Cutting corners: Online influencers including big YouTube personalities got in trouble with the FTC a few years ago for not making it clear when they were paid for reviews. Today, it’s a problem that continues in the world of cryptocurrencies, where, unbeknown to investors, positive coverage can be bought for the right price.
The revelations come from a special report by Reuters, which talked to over two dozen people in the crypto industry. The publication cites Ukrainian startup Hacken as an example of a company paying for a good review. Earlier this year, it handed $7500 over to Christopher Greene, host of YouTube’s Alternative Media Television, to promote its new coin.
Greene gushed about the currency, boasting that it had “potential 1,000x returns.” Nowhere in the video does he mention he received a fee from Hacken. The only indication of any payment comes in the first minute when he directs viewers to a disclaimer on his website that states he “may receive compensation for products and services” that he recommends.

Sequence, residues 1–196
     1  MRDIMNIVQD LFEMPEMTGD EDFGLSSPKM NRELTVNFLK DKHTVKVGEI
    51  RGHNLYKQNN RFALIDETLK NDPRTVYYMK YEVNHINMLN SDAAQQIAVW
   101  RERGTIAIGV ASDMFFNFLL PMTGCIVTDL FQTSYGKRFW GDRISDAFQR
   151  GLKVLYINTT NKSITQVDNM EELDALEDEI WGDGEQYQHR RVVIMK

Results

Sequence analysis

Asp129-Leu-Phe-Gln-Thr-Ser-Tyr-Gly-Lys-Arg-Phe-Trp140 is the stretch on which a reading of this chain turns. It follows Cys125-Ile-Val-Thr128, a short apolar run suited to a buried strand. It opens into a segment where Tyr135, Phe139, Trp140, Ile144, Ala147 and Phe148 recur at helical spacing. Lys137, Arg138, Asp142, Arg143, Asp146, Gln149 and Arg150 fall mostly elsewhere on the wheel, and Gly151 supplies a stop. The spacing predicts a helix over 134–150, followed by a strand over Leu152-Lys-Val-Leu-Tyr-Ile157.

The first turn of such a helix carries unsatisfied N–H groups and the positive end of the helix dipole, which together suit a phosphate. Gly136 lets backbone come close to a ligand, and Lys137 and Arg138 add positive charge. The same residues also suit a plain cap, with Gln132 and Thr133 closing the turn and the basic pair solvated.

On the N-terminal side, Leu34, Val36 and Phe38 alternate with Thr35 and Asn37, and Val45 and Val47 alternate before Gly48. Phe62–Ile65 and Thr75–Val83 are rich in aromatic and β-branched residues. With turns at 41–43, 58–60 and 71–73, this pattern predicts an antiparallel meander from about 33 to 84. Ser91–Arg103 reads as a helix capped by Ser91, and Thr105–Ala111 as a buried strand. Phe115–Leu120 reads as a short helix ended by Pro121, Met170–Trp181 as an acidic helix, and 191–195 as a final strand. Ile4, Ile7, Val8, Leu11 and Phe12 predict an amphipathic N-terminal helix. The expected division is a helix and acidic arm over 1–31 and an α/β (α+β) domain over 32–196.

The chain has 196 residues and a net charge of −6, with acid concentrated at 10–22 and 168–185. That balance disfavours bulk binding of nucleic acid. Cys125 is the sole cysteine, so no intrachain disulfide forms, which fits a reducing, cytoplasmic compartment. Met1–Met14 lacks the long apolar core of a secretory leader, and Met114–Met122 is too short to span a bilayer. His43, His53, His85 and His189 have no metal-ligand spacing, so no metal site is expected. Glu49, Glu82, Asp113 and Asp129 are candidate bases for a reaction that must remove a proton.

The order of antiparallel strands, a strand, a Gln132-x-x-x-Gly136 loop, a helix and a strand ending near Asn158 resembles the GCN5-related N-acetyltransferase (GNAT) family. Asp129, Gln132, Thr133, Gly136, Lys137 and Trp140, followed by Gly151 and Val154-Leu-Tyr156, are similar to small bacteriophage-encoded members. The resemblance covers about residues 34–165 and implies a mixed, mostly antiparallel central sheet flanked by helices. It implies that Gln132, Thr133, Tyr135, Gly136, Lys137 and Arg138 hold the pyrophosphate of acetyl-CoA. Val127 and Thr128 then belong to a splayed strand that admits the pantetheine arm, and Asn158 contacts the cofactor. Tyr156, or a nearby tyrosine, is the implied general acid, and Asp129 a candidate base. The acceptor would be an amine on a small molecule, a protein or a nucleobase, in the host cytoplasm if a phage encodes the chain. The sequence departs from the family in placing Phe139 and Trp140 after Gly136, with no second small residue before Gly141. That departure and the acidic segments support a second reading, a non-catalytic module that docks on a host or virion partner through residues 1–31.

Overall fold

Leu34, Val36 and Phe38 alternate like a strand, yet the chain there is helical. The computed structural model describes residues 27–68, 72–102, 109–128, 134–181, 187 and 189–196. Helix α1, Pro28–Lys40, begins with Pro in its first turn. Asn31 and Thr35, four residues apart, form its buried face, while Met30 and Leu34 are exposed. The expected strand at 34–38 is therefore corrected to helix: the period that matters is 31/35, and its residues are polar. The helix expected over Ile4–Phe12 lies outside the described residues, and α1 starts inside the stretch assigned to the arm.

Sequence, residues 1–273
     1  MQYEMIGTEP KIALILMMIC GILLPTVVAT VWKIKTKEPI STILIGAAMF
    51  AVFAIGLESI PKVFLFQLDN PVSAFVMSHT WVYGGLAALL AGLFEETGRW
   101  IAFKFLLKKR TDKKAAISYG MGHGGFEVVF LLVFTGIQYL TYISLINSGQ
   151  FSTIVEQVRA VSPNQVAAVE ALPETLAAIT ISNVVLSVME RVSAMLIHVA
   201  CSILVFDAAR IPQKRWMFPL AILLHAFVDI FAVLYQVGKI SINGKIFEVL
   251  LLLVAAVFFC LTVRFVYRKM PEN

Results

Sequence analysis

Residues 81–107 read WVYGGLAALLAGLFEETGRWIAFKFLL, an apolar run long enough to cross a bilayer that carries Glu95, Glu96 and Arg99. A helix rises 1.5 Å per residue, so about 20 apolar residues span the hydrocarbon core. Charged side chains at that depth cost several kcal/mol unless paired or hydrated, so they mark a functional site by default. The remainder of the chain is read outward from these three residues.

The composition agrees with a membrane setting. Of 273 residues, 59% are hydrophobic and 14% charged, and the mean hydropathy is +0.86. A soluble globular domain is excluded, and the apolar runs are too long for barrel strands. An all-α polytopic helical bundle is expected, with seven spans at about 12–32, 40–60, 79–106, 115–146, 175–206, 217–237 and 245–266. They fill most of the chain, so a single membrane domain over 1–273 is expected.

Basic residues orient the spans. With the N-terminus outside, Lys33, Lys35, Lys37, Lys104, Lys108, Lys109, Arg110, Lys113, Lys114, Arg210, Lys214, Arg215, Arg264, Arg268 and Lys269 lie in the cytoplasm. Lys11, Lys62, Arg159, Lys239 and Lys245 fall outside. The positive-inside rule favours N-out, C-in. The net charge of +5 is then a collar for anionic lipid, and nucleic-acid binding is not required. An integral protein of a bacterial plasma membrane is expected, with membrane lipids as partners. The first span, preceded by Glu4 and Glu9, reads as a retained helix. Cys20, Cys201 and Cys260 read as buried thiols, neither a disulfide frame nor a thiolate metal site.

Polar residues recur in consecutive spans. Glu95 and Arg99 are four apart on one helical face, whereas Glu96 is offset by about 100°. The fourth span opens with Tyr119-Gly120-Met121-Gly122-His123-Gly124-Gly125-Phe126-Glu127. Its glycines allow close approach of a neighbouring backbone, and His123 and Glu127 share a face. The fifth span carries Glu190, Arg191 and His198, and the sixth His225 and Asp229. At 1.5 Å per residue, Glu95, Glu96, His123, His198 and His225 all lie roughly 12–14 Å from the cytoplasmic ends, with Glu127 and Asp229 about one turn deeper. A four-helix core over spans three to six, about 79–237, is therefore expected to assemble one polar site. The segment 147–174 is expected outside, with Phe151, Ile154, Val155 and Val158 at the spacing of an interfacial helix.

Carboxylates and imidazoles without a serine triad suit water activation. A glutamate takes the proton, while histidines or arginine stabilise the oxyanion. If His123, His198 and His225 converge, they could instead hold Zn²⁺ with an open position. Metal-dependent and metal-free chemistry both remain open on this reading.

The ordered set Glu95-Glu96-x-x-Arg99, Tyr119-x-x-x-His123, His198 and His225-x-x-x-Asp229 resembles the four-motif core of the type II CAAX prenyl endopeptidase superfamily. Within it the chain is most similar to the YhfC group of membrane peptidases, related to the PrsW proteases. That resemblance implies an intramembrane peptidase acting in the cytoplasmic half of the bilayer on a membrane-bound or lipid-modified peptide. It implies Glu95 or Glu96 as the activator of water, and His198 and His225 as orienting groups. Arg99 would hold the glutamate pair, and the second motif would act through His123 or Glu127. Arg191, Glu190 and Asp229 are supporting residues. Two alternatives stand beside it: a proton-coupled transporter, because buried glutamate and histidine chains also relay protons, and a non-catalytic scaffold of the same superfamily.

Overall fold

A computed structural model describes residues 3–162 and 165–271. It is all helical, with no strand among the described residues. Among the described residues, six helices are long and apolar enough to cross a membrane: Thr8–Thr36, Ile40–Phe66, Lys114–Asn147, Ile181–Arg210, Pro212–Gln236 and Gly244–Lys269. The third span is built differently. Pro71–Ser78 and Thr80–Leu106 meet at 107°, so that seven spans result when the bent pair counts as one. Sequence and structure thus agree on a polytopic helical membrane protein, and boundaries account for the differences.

Four days after the video, which has almost 100,000 views, Hacken’s coin was up to $1.54. It’s now worth 36 cents. The company’s CEO admitted to Reuters that paying Greene and other YouTube stars was “unethical.”
So-called “influencers” promoting products without being clear they were being paid is nothing new. Warner Brothers settled with the FTC in 2016 after it paid YouTubers such as PewDiePie to review 2014’s Shadow of Mordor positively. The agency later said it would start clamping down on similar posts, but the rules are stricter when it comes to promoting crypto.
Failing to explicitly disclose that a reviewer was paid to promote a virtual token or coin may be classed as fraud, according to the SEC, which in 2017 warned that “virtual coins or tokens may be securities and subject to the federal securities laws.”
It’s not only influencers that are paid for positive crypto reviews; several “crypto experts” were discovered to have accepted cash or digital currency for giving out 5-star ratings. There are even cases of research reports on cryptocurrency projects being commissioned and funded by the projects themselves.
The situation has led to “ICO agencies,” which offer crypto issuers active followers and posts on social media platforms for a fee. They’ve also been known to pay journalists and writers to publish stories portraying their clients in a good light.
With Bitcoin hitting its lowest price in over a year this week, and the Justice Department investigating whether its December surge was the result of market manipulation, crypto is having a tough time right now. The thought that some 'expert' advice might be sponsored content is unlikely to help things.